(Bloomberg Opinion) -- Who knew there was investor appetite for subordinated Greek bank debt?Because of the relentless hunt for returns in yield-starved Europe, Piraeus Bank SA, one of Greece’s big four lenders, has been able to brave the European capital markets for the first time since the financial crisis.Piraeus isn’t opting for senior bonds, and is instead plumping for Tier 2 subordinated debt (which sits midway in the capital structure between top-rated debt and equity-like capital). This means the notes would be fully subject to investor bail-in rules, where bondholders take a financial hit should the bank fail.While the bank has been bolstering capital by offloading bad loans and selling assets, this issue will help it meet its commitments to the European Central Bank. Last year, the ECB asked the company to raise much as 500 million euros ($560 million) as part of its strategic recovery plan. It’s notable, nonetheless, that the lender has found plenty of takers despite all the well-known risks around the Greek banking system.Piraeus has raised 400 million euros from the 10-year subordinated security, with an issuer call option after five years. The very high 9.75% coupon was clearly attractive to buyers, but it carries danger signs too. Paying that much interest to bondholders will be a heavy burden for the bank’s business to support.Indeed, this might be a deal too far for wiser investment heads (regardless of all the hedge funds piling in here). Just because government yields are plunging doesn’t mean credit risk is improving; it usually means the opposite. In fairness, this issue is for bank capital specialists only but there’s always a deal that corrects the market’s over-enthusiasm for the diciest assets.The offer would have been unthinkable a year ago, and comes courtesy of a sustained decline in Greek sovereign yields, with five-year yields falling below their Italian equivalents, and a sixfold rally in Piraeus Bank's share price since February. It helps that imminent national elections are expected to deliver victory to the pro-business New Democracy Party. For Piraeus, it makes sense to strike now and the books were more than twice covered.Still, a big leap of faith is required to believe that that this ultra-high risk, CCC-rated junk bond will be repaid at that call date in five years time. Investors won’t want a repeat of what happened when Italy’s Banca Monte dei Paschi di Siena SpA issued a similar bond in January 2018. That now trades at close to half its initial value. Piraeus’s non-performing loans make up more than half of its total lending, despite its offloading of 500 million euros of them to private equity buyers this month. Even after the share price rally, the stock only trades at a price-to-book ratio of less than 0.2. The path to easing the bad debt burden will be arduous.As part of Piraeus’s strategic plan, the bank sees non-performing loans dropping to about 9% of the total by 2023, which requires the elimination of 21 billion euros of exposure. It has signed an agreement with Intrum AB, a Swedish debt collection specialist, to help manage its bad debt pile. However, the speed at which Greece’s lenders will be able to clean up their loan books is uncertain. The government and the Greek central bank have two separate, not entirely complementary, initiatives to help banks do this but they’re still obtaining European Union approvals.Piraeus’s plan to improve its fee income by 33% by 2023 looks ambitious too. As the biggest private lender to SMEs in Greece, its growth is tied ultimately to the country’s nascent economic recovery. A shareholder group that includes the EU-backed Hellenic Financial Stability Fund – as well as John Paulson, Vanguard, Blackrock Inc. and Schroders Plc – offers some reassurance. While success would be another important milestone in Greece’s long road to recovery, you’ll have needed nerves of steel to jump on this one.To contact the authors of this story: Marcus Ashworth at email@example.comElisa Martinuzzi at firstname.lastname@example.orgTo contact the editor responsible for this story: James Boxell at email@example.comThis column does not necessarily reflect the opinion of the editorial board or Bloomberg LP and its owners.Marcus Ashworth is a Bloomberg Opinion columnist covering European markets. He spent three decades in the banking industry, most recently as chief markets strategist at Haitong Securities in London.Elisa Martinuzzi is a Bloomberg Opinion columnist covering finance. She is a former managing editor for European finance at Bloomberg News.For more articles like this, please visit us at bloomberg.com/opinion©2019 Bloomberg L.P.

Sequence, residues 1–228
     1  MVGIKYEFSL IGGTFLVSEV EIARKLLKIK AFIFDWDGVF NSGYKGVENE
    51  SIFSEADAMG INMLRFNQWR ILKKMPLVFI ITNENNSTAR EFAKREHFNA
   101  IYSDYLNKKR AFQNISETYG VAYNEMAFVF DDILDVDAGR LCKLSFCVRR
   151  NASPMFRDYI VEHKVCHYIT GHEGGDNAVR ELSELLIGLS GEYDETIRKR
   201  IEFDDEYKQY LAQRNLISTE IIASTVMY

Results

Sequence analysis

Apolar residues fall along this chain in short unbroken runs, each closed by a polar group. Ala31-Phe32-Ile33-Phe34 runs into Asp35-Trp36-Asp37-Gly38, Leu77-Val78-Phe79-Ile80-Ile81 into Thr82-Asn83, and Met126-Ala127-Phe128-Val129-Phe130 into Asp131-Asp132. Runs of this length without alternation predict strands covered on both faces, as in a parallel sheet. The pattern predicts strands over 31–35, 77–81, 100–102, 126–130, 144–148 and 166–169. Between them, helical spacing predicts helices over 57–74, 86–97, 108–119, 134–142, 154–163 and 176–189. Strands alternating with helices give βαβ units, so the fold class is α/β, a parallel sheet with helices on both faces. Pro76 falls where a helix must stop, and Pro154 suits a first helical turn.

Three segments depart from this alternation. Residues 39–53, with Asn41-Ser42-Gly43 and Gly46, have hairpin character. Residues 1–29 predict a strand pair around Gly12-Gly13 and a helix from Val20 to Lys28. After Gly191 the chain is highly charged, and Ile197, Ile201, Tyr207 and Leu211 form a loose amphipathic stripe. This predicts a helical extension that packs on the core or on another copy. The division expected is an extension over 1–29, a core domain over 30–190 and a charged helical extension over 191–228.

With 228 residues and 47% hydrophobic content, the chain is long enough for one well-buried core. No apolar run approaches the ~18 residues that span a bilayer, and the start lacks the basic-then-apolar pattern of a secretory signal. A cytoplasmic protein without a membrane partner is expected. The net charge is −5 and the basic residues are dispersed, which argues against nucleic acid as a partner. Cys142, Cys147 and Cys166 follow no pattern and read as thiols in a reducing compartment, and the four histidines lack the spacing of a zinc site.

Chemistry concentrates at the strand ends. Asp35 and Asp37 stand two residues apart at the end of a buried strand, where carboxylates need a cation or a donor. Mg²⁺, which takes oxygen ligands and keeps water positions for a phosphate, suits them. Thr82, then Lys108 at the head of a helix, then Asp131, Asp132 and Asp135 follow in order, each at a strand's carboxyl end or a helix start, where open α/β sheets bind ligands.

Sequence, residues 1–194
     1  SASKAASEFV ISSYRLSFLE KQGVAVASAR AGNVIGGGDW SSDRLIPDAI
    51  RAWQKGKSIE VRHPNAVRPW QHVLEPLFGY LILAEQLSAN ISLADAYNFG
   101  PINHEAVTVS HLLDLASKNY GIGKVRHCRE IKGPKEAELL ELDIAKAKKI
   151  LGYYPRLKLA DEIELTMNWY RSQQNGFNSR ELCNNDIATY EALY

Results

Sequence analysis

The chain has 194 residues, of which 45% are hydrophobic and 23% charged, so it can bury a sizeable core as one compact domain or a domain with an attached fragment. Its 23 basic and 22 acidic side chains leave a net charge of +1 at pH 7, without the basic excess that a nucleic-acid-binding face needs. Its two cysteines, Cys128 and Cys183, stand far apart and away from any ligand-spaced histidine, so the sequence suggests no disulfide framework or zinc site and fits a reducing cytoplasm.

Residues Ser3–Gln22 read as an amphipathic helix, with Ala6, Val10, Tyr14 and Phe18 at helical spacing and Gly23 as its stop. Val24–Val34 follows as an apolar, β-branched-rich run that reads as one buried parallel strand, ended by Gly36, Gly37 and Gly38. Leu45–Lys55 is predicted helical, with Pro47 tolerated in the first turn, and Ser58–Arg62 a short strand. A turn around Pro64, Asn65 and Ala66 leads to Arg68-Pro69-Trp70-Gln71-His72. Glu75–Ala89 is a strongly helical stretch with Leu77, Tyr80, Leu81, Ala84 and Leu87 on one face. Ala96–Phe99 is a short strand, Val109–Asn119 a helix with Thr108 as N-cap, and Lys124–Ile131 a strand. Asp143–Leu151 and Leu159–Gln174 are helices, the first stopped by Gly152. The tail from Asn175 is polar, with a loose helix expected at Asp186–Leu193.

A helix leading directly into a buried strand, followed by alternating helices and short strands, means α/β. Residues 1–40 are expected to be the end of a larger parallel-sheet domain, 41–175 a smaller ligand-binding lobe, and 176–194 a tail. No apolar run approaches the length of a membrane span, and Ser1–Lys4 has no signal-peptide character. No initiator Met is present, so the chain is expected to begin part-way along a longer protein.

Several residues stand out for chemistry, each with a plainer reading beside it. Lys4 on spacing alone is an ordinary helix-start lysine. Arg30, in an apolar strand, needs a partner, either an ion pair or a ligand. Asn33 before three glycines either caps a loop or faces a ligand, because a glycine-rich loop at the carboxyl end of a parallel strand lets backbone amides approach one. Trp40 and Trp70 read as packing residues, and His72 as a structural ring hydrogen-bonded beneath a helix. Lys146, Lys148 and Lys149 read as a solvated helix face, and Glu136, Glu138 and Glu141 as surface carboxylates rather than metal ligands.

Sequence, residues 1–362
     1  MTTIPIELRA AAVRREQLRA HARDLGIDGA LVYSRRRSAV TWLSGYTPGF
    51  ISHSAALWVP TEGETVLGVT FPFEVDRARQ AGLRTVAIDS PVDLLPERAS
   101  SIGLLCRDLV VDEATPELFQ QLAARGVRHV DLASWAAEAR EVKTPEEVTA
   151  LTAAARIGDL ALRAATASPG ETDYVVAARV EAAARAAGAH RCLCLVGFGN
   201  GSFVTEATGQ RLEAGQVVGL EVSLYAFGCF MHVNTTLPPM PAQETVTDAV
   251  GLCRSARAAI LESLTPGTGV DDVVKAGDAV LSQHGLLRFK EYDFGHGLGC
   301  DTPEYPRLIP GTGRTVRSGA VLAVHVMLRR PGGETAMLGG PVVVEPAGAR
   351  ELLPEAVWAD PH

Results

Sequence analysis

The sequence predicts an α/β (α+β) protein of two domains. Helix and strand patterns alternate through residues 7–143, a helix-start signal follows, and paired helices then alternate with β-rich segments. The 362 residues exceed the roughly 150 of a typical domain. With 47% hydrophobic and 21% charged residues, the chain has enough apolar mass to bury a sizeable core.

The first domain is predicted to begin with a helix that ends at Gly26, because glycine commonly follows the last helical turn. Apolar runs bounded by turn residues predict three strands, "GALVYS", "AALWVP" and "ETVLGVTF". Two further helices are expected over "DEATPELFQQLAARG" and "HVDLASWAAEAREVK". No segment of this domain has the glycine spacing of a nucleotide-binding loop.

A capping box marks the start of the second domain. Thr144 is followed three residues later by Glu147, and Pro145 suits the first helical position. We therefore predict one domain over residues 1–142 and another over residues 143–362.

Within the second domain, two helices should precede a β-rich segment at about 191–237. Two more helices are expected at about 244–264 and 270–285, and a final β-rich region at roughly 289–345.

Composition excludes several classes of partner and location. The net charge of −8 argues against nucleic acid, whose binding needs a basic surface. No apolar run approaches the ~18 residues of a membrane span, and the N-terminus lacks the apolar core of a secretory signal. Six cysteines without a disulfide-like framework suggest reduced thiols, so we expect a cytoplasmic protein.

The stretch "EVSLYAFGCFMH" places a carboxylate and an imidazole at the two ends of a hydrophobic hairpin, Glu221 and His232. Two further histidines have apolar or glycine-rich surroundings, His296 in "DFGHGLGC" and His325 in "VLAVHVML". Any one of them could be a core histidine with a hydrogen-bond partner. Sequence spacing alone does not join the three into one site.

LONDON (Reuters) - Jupiter Fund Management has appointed Wayne Mepham as its new chief financial officer, poaching the executive from rival money manager Schroders in the latest major change to its leadership ...